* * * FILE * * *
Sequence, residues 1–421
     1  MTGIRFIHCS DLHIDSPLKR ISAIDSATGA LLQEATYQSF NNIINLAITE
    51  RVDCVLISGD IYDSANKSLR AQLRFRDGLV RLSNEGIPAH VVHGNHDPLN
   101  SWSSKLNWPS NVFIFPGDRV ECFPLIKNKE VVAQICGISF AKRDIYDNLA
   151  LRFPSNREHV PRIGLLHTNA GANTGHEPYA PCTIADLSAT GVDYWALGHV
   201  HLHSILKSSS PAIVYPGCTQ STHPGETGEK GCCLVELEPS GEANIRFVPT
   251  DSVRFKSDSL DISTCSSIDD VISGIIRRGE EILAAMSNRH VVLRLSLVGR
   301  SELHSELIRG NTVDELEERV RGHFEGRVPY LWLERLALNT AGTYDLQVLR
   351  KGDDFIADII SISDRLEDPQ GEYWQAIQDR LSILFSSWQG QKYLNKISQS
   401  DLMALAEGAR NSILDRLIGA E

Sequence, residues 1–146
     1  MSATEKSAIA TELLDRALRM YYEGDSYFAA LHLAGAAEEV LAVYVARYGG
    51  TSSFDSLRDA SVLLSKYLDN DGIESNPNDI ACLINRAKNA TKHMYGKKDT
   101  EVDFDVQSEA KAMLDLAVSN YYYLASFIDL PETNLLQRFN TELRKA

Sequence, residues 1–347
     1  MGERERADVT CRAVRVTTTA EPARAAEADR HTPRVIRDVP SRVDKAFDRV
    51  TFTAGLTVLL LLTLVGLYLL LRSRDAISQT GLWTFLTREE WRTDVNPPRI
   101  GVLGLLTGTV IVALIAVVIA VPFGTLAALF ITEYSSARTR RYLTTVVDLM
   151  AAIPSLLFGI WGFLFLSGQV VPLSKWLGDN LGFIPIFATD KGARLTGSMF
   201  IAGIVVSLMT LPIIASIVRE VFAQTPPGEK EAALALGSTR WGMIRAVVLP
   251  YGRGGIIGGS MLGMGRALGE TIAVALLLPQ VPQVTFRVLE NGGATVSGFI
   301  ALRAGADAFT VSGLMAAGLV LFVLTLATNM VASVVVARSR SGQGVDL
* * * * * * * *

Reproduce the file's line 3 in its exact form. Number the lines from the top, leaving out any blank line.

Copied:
    51  RVDCVLISGD IYDSANKSLR AQLRFRDGLV RLSNEGIPAH VVHGNHDPLN